CAST & CREATIVE STEVEN HUMES TIMUR

ATLANTA OPERA DEBUT: TURANDOT, 2007

photo: Philip Groshong/Cincinnati Opera

Appearing regularly on the international stage, Steven Humes continues to perform many Wagnerian bass roles including König Marke, König Heinrich, Hunding, Fafner, Fasolt, Daland, and Hermann Landgraf as well as other well-known bass roles such as Sarastro, Vodník, Gremin, Commendatore, and Alaska-Wolf Joe. He continues to appear with many of the world’s most important international theaters, including The Bayerische Staatsoper, Teatro Real in Madrid, Théatre des Champs Elysées, Le Grand Théâtre de Genève, Opera di Roma, Opéra Monte Carlo, Royal Danish Theater in Copenhagen, Teatro Regio in Torino, Theatre St. Gallen, Hamburg Staatsoper, Festspielhaus Baden-Baden, the Canadian Opera Company, The Bolshoi, and the Salzburg Festival. Including a double Grammywinning performance at Los Angeles Opera, his operatic pursuits in the United States have taken him to many other houses, including New York City Opera, Boston Lyric Opera, Chicago’s Ravinia Fesitval, and the Opera Festival of New Jersey. Sought after as a concert soloist, Mr. Humes has performed with numerous symphonies, including the New York Philharmonic, the Atlanta Symphony Orchestra, the Beethoven Orchester of Bonn, Germany, and regularly performs with the Rundfunk and Philharmonie orchestras of Munich.

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CAST & CREATIVE DANIEL BELCHER PING ATLANTA OPERA DEBUT

Grammy Award-winning baritone Daniel Belcher has performed in many of the world’s music capitals, including Paris, London, New York, San Francisco, Berlin, Stuttgart, Amsterdam, Geneva, Toronto, Tokyo, Seoul and Houston. With a 60-role repertoire, Belcher has championed roles from the Baroque to those composed expressly for him. He came to international attention in 2004 creating the role of Prior Walter in Peter Eötvös’ Angels in America for the Théâtre du Châtelet in Paris. Belcher most recently created the roles of Brian Castner in Jeremy Howard Beck’s The Long Walk with Opera Saratoga, Robert Kennedy in Robin de Raaff’s Waiting for Miss Monroe for his debut at The Netherlands Opera and Holland Festival, and Governor Bellingham in Lori Laitman’s The Scarlet Letter with Opera Colorado. Other world premiere roles include John Brooke in Mark Adamo’s Little Women, Andy Warhol in Michael Daugherty’s Jackie O, and multiple roles in Tod Machover’s, all with Houston Grand Opera. World and American premieres in development include Frau Schindler by Thomas Morse and Ken Cazan. In the 2016-17 season, he sang Ping in Turandot with Opera Philadelphia, as well as Inspector Kildare in the workshop of Elizabeth Cree with the company.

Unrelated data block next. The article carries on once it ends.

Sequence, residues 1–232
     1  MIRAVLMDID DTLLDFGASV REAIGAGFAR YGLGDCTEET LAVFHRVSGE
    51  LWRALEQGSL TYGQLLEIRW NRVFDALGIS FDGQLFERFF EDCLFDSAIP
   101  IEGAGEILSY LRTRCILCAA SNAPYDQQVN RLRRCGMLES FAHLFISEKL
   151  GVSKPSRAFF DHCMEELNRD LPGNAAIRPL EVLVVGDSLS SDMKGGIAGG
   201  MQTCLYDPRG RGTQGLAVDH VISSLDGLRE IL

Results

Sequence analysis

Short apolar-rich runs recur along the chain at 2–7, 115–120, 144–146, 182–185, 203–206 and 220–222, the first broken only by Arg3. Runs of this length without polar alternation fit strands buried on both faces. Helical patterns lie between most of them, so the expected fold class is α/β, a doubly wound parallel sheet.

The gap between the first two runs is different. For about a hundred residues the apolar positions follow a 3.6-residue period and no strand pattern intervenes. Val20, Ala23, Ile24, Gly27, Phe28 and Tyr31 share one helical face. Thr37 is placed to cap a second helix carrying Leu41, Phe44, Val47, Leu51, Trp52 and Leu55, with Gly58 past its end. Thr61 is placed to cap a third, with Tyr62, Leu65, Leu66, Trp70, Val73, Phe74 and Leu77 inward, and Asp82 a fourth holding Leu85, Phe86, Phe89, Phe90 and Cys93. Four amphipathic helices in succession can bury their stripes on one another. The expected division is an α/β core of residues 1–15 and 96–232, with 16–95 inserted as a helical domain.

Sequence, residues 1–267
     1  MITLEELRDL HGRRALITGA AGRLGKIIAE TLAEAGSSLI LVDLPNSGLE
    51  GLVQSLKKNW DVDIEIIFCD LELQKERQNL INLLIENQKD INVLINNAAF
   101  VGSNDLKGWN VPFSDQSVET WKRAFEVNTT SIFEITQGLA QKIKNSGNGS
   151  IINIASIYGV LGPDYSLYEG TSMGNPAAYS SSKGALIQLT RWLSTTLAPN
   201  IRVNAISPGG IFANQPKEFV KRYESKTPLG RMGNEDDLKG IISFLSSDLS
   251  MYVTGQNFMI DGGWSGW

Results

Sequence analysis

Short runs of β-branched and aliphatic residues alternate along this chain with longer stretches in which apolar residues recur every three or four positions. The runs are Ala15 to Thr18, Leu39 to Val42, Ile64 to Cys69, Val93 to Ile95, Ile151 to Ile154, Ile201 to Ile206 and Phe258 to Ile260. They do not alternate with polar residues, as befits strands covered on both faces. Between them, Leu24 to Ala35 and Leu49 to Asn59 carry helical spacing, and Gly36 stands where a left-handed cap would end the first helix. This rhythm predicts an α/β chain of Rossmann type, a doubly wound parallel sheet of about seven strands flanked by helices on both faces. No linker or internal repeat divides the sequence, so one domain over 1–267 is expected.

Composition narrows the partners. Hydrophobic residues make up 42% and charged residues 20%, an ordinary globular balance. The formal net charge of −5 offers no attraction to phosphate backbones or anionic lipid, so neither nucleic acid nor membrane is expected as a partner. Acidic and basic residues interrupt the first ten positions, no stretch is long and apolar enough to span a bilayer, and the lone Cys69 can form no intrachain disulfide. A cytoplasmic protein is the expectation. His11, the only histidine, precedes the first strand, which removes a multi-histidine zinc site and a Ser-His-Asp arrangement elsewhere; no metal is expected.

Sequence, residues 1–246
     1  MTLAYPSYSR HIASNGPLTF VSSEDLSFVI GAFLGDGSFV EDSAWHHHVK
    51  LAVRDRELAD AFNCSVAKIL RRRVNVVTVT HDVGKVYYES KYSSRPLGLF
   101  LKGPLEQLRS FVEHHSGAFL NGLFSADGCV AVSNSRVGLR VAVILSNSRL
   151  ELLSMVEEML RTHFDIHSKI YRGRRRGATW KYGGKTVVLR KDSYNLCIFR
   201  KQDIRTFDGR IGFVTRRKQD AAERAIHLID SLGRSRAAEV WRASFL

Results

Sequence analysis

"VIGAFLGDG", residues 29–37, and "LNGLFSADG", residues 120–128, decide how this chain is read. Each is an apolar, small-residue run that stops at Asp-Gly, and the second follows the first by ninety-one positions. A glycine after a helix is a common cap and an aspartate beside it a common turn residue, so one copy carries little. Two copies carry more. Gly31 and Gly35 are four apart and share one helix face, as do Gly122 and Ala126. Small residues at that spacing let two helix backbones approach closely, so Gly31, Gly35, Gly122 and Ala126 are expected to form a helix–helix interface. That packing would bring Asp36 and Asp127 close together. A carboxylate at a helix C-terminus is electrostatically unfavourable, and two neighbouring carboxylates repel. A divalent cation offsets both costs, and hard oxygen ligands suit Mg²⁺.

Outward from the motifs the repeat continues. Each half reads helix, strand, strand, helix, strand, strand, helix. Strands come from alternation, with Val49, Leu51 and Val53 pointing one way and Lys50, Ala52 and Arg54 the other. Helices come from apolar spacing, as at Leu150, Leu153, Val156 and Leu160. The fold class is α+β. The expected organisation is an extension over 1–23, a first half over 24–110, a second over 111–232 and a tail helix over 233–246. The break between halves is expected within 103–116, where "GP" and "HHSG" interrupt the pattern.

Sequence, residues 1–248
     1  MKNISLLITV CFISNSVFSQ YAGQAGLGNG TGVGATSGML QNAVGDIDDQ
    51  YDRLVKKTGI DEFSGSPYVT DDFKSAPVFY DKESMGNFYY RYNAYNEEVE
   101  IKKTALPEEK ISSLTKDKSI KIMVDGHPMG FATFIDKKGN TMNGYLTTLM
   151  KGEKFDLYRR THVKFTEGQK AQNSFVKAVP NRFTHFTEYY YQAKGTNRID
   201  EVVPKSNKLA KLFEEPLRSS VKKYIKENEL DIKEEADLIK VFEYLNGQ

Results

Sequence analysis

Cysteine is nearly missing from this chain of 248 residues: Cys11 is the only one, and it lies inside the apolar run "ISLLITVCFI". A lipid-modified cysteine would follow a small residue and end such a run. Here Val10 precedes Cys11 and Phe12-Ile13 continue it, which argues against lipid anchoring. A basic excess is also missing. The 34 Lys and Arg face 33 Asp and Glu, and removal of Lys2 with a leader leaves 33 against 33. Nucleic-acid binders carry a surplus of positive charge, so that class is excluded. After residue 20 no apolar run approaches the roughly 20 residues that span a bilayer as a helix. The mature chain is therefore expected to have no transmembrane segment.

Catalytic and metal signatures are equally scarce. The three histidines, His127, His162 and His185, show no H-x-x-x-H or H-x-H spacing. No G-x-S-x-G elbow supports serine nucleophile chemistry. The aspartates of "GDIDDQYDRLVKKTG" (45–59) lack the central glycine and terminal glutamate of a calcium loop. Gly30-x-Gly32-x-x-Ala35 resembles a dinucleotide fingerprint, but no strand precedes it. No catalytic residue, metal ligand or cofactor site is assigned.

JULIUS AHN PANG

ATLANTA OPERA DEBUT Internationally acclaimed Korean-American tenor Julius Ahn makes his debut with The Atlanta Opera as Pang in Turandot. He has performed the role in his debuts with Seattle Opera, Utah Opera, Michigan Opera Theatre, Cincinnati Opera, and Opera Philadelphia, with critical acclaim. Mr. Ahn is perhaps best known for his interpretations of the role of Goro in Madama Butterfly, having performed the role in his debuts with Palm Beach Opera, Opera Carolina, Nashville Opera, San Francisco Opera, Canadian Opera Company, Vancouver Opera, and Northern Lights Music Festival, as well as with Michigan Opera Theatre and in his London debut with Raymond Gubbay, Ltd., at the famed Royal Albert Hall. This season, Mr. Ahn returned to The Metropolitan Opera for its productions of The Magic Flute and Rigoletto. In future seasons, he will return to San Francisco Opera and Vancouver Opera, and is scheduled to make his debut with Tulsa Opera. In recent seasons, Mr. Ahn joined the roster of The Metropolitan Opera for The Nose, Turandot, and Die Fledermaus, and made his main stage debut as the Second Priest in The Magic Flute. 28


CAST & CREATIVE JOSEPH HU PONG